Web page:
When people don’t listen to the experts
Dietician Jane Clarke accepts that cutting down on meat can be beneficial for health, but is concerned by veganism’s wholesale promotion by bloggers, rather than health experts.
“It’s great that there is now a much wider range of non-meat sources of protein, but the power of social media and supermarkets to influence our food choices needs to be combined with scientific evidence,” she warns, adding that the trend for highly processed vegan food with lots of sugar, fats and salt added to make them tasty shows “you can easily be unhealthy as a vegan”.
Clarke says the evidence still points to the health benefits of a balanced diet – including a limited amount of animal protein and dairy. Research recently published in the journal BMC Medicine found the lowest mortality rates in those eating up to 80g meat a day. “Calcium-rich foods including cow’s milk are proven to be beneficial to bone health and help produce anti-cancer substances such as butyrate. The fact is, meat is a great source of easily accessible protein.”
GP Noreen Nguru, founder of whatthedoctorrecommends.com, says deficiencies of nutrients and vitamins are “common among new and even established vegans, and include micronutrients deficiencies in vitamin D, calcium, omega-3 fatty acids and zinc – all responsible for building strong immune systems and protecting against bone fractures, high blood pressure and fatigue.”
She adds: “Vegans are also at a much higher risk of developing a Vitamin-B12 deficiency which, if left untreated at a significant deficit for too long, can potentially cause irreversible neurological effects such as paresthesia (numbness or tingling in the hands and feet), co-ordination difficulties and even problems with memory.”
Such deficiencies can be prevented with careful supplementation – essential for healthy veganism – but some argue that nutrients and vitamins can be harder for the body to absorb this way. In one study by Oxford University published in 2010, half the vegans in the sample were B12 deficient.
“The implications of diving into a meat-free, egg-free and dairy-free diet without adequate preparation and research are likely to bring more harm than good,” says Nguru. And though she agrees that meat and dairy consumption have been linked to problems such as bowel cancer, “there are several less restrictive diets that offer heart-protective benefits and reduce the risk of cancer, such as low carb and Mediterranean diets rich in omega 3 and good fats.”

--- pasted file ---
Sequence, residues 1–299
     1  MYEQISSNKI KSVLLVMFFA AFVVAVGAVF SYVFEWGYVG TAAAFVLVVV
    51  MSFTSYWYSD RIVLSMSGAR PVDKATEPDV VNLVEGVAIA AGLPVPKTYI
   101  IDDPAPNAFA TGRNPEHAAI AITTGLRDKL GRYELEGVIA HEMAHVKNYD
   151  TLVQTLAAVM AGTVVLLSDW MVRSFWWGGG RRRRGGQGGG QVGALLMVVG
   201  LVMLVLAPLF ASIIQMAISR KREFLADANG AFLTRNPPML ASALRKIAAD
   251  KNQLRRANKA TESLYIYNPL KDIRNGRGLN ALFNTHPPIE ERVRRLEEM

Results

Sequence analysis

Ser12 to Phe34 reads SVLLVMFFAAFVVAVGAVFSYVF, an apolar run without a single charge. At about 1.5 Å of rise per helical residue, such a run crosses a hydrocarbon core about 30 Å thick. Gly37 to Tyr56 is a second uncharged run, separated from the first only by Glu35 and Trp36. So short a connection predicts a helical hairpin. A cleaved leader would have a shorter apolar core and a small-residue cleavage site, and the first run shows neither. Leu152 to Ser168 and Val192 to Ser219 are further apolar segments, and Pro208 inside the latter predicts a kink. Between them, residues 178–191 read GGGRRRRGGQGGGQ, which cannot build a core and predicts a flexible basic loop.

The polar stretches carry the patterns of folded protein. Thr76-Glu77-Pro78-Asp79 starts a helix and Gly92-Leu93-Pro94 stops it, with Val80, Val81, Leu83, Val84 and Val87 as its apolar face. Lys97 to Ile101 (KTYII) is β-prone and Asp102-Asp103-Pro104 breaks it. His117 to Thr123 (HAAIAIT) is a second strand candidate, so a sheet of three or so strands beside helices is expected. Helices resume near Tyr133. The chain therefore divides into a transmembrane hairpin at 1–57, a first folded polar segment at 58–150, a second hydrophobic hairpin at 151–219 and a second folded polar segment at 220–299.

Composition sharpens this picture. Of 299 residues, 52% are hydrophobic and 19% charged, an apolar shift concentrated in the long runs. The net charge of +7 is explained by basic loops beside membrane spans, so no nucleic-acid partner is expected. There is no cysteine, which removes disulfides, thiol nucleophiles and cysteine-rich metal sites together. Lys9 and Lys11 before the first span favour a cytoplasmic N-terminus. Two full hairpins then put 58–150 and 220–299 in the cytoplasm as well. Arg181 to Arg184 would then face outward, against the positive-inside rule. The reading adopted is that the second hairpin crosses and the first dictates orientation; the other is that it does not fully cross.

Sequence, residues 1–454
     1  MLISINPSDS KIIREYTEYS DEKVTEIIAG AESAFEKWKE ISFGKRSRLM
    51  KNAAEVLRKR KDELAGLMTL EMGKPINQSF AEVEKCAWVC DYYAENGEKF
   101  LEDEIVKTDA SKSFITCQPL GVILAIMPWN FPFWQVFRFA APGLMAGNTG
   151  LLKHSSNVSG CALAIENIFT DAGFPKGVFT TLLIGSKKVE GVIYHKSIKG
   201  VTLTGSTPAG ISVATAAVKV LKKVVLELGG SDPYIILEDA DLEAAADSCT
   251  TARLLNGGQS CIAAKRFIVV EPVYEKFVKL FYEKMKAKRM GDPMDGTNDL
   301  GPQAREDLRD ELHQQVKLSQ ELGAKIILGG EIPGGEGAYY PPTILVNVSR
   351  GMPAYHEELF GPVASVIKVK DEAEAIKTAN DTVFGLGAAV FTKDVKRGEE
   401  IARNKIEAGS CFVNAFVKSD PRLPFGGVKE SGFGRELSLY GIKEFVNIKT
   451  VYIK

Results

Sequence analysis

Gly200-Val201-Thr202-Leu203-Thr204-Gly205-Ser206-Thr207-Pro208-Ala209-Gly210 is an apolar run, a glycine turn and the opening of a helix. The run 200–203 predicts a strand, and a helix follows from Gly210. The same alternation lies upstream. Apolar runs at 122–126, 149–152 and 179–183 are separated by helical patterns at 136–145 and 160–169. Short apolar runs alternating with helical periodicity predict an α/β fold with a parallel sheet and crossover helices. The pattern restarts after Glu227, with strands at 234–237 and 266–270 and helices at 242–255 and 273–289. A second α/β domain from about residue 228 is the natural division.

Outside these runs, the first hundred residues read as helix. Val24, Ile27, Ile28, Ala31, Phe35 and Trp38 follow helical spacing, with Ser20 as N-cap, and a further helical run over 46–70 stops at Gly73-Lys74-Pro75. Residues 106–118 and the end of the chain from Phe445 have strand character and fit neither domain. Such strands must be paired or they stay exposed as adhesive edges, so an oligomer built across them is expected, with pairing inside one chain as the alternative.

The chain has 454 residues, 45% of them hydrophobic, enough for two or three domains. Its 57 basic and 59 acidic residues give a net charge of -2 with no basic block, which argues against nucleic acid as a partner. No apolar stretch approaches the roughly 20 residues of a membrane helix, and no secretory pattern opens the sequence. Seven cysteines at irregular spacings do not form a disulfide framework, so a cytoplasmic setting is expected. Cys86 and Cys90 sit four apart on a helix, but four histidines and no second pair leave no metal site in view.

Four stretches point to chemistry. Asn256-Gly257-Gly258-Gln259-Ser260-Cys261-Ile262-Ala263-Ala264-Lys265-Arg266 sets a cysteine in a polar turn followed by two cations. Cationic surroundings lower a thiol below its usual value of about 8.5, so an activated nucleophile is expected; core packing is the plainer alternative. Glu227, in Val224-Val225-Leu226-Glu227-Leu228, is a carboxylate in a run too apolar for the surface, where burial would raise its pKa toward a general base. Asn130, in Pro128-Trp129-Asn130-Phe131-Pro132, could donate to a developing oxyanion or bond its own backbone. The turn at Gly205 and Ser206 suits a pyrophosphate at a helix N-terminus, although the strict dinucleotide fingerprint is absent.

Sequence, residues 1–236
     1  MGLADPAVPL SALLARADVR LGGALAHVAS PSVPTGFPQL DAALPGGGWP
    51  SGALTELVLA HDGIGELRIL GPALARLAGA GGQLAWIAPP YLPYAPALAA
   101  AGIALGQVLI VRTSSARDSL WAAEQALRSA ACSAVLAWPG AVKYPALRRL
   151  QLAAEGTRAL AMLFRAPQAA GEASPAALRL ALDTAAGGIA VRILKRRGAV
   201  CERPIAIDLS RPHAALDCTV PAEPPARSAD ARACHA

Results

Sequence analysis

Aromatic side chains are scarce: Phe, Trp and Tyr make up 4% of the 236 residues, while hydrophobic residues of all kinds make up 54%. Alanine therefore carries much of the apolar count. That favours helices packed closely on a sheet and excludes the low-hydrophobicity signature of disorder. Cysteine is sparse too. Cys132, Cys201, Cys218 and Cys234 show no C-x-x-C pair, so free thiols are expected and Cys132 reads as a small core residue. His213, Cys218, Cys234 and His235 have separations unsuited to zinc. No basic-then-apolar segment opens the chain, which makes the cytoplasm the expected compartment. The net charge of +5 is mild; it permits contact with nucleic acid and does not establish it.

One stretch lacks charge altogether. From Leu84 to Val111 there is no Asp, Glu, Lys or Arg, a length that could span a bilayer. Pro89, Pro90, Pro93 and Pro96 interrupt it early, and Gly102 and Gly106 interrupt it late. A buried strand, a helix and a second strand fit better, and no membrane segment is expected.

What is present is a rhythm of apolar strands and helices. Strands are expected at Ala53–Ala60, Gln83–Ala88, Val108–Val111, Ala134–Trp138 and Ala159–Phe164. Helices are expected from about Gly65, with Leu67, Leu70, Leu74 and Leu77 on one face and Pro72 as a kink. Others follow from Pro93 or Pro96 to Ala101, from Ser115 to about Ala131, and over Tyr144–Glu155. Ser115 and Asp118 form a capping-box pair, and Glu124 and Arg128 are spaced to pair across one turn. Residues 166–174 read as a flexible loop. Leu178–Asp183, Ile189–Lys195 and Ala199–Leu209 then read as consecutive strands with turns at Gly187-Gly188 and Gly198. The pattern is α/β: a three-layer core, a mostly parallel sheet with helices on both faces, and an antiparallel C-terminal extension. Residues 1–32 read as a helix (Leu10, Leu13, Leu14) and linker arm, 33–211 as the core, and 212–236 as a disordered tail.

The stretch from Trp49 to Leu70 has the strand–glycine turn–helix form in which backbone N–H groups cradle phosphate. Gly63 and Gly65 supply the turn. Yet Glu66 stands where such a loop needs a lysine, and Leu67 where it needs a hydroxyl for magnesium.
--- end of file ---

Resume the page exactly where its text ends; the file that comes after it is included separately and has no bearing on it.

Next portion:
A return to meat
Life coach Bianca Reimer, 41, went vegan in 2011, having been largely vegetarian. Despite taking all the recommended supplements as a vegan, including omegas and B12, “I kept craving lamb and chicken,” she recalls. Though she initially felt better, “my energy was still very depleted and my acupuncturist suggested I should eat eggs and meat again. I added salmon, and then I got pregnant after two years of trying. I also started eating chicken and felt so much better for it.”
After returning to meat, she adds, “the impact on my mental and physical wellbeing was close to immediate. But I don’t think there’s a one-diet-fits-all approach. Each of us should eat whatever suits us at different stages of life.”
Currently, 87 per cent of the UK population still eats meat, while 7 per cent are vegetarian and 4 per cent are, like me, pescatarian; between 1 and 2 per cent are vegan. Many ex-vegans find vegetarianism a more successful refuge. Sophia Husbands had a failed attempt at veganism in 2018.
“I did Veganuary for my health,” says Husbands, 41, founder of wellbeing site LoveHappyBody, “but I started to get run down, and developed mouth ulcers in just a month. I felt dizzy and it turned out my iron levels were very low.”
Last year she went vegetarian, and says she’s found the diet much more sustainable. “I’ve lost weight and my skin has improved. But I try to keep a balance now, and I’m wary of totally eliminating anything, as I think that can spark intolerances. If I craved meat or fish, I would return to it.”